I Don’t Want to Smile Anymore: Barf Bag’s Vomit Dance EP is Gross Out Humor with a Brain

by Nick Hanover

Barf Bag Victim Dance Tape


I figure I probably speak for the bulk of the population when I say this, but I really hate throwing up. I’ve done my fair share of it, an ex even once gave a friend of mine a tour of “places on the east side where Nick has projectile vomited after being conned into taking Fireball shots” but it’s not the kind of memory I’m prone to revel in. So you would think a band called Barf Bag, who have made an entire EP of vomit punk, would be setting me off like a traumatic memory. Luckily(?), Barf Bag’s Victim Dance EP has more going on than bodily fluid expulsion jokes and sick themes, it’s a hybrid of Big Boys’ trash glam and James Chance herky-jerky rhythmic spasms, fittingly recorded “using exclusively ‘old junk'” by Slugbug’s Paul D. Millar, a budding technomage Steve Albini if ever there was one.

Combining members of avant-electro quirksters Pataphysics and noisy punk vets Polio Club, Barf Bag functions as an eerily smooth graft of both bands’ aesthetics, mining the wide open possibilities of Pataphysics vocal manipulation and glitchy eletronics with Polio Club’s cerebral punk instrumentation. Victim Dance has moments of more straightforward punk, like the less than thirty second-long inflammatory blast of “Puerto Rican Hand Job” and “Ball and Chain,” which sounds like a more frenzied Black Randy and the Metrosquad number. But for the most part, Barf Bag utilize more No Wave than punk influences.

The EP’s title track signifies this best, with its punk-funk bassline and Contortions’ guitar, but Patrick Healy’s voice has far more theatricality to it than anything James Chance ever did. Healy utilizes a mixture of electronic and organic voice modulation to sound like multiple men inhabiting one body, but where in Pataphysics that’s often done in service of some Roxy Music-like instrumentation and camp, in Barf Bag it becomes monstrous and obscene in the best possible sense. Healy hiccups and belches out lines, leading “Victim Dance” to become a musical seizure, a vocal body contorting in unexpected and discomforting ways, the music twisting in spastic coordination.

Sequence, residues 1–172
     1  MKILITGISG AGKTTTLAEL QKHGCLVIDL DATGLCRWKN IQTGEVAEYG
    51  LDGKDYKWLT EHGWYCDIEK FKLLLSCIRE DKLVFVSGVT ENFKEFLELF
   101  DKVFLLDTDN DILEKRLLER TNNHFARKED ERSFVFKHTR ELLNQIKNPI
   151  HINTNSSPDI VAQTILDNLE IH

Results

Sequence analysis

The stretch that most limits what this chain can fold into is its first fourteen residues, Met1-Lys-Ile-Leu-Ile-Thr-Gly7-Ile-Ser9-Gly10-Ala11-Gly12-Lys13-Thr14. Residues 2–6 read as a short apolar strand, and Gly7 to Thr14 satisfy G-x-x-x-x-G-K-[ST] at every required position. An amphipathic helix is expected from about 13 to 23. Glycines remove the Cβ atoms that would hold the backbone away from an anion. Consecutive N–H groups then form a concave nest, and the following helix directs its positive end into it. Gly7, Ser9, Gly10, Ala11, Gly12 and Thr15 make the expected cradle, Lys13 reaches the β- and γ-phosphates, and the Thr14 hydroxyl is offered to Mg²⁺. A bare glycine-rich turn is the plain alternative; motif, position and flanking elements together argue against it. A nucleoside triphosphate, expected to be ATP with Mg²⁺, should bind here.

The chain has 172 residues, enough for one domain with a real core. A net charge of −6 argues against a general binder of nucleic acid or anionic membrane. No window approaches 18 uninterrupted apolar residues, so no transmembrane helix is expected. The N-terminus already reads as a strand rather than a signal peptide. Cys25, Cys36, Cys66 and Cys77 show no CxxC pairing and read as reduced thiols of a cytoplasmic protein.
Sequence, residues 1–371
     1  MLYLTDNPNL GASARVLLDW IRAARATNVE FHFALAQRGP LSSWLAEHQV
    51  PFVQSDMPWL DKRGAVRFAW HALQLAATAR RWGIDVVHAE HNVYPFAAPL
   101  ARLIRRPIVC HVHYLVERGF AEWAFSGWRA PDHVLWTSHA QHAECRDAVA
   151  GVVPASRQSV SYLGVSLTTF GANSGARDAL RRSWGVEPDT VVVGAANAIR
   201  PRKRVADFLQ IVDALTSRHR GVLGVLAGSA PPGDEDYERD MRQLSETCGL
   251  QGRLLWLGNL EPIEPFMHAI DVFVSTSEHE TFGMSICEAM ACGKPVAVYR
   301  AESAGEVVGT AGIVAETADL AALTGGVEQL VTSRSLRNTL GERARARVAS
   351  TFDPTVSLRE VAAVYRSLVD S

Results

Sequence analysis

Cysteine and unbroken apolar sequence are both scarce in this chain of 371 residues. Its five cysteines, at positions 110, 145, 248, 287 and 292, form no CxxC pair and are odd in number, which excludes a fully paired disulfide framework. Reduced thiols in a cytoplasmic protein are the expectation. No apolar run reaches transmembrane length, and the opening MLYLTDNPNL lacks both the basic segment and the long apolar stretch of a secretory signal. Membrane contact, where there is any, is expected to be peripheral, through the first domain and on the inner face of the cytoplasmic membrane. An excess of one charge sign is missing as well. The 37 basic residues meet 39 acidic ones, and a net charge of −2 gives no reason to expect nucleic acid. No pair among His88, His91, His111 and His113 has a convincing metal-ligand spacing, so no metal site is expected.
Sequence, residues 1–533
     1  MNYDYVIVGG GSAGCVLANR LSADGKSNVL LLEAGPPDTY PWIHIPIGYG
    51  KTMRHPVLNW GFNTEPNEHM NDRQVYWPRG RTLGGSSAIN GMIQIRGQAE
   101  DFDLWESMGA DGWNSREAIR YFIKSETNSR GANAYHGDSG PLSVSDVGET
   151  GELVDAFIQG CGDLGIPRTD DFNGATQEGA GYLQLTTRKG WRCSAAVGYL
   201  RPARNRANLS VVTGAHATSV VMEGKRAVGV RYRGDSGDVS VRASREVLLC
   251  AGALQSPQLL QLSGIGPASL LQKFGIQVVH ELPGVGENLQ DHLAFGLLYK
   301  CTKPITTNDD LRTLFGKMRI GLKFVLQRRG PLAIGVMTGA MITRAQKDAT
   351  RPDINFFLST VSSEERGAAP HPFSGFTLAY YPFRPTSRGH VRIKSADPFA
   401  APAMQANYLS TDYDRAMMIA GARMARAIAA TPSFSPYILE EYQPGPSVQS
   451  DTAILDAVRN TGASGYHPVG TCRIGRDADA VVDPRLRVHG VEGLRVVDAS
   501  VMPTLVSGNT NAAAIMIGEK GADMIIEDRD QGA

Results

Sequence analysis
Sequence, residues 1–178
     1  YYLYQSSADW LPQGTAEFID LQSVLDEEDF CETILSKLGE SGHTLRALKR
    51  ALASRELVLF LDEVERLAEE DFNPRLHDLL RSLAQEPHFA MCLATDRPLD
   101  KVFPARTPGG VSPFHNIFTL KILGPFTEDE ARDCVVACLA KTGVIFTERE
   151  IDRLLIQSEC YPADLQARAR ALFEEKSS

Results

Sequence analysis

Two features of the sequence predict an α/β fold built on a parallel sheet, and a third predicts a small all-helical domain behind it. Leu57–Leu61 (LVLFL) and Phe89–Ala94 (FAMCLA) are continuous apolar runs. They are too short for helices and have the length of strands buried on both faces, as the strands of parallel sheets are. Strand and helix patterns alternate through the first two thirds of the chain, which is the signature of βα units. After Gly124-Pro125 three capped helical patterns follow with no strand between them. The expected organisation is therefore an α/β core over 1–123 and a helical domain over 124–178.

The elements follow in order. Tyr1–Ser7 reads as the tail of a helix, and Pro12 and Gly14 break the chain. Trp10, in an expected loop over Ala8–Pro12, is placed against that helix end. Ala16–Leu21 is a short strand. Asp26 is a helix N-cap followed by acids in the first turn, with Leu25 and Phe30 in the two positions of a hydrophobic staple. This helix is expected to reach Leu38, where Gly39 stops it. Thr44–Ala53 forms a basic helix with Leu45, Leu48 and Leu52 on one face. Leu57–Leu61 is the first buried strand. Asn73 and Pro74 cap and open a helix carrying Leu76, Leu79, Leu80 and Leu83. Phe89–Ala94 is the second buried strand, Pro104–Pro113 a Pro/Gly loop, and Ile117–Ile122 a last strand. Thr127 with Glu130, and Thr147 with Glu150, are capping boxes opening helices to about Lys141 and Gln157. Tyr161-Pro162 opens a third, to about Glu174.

When the vocal effects are minimized on “Harmonicas,” that discomfort is arguably even more pronounced, as Healy is mixed low enough that it becomes difficult to tell where the human voices end and the machines begin. “Barfin’ All Over My Heart” has those vocal effects become their own instruments, serving as counter-melodies for a bizarro New Wave tale of vomit interrupting love. “Maybe you’re lying face down/In a public restroom stall/That doesn’t give you the right/To ignore my incoming phone call,” Healy declares, proceeding to call out “shitty bands” and “weak beers” for contributing to all these romantic interruptions, culminating in a sputtering chorus where Healy meekly proclaims “You’re barfin’ all over my heart, girl.” It’s a silly line but it’s delivered with the utmost sincerity.


That’s a large part of what makes Barf Bag more than a gross out gag from intellectual pranksters. This isn’t an ironic metaphor or strained faux-primitivism, but uncomfortable music made more, erm, palatable with a running body fluid theme, John Waters on a punk cassette, 120 Days of Sodom as a sock hop. In other words, come for the motion sickness, stick around for the quirky yet sincere art punk.

Nick Hanover got his degree from Disneyland, but he’s the last of the secret agents and he’s your man. Which is to say you can find his particular style of espionage here at Ovrld as well as Loser City, where he mostly writes about comics. You can also flip through his archives at  Comics Bulletin, which he is formerly the Co-Managing Editor of, and Spectrum Culture, where he contributed literally hundreds of pieces for a few years. Or if you feel particularly adventurous, you can always witness his odd .gif battles with his friends and enemies on twitter: @Nick_Hanover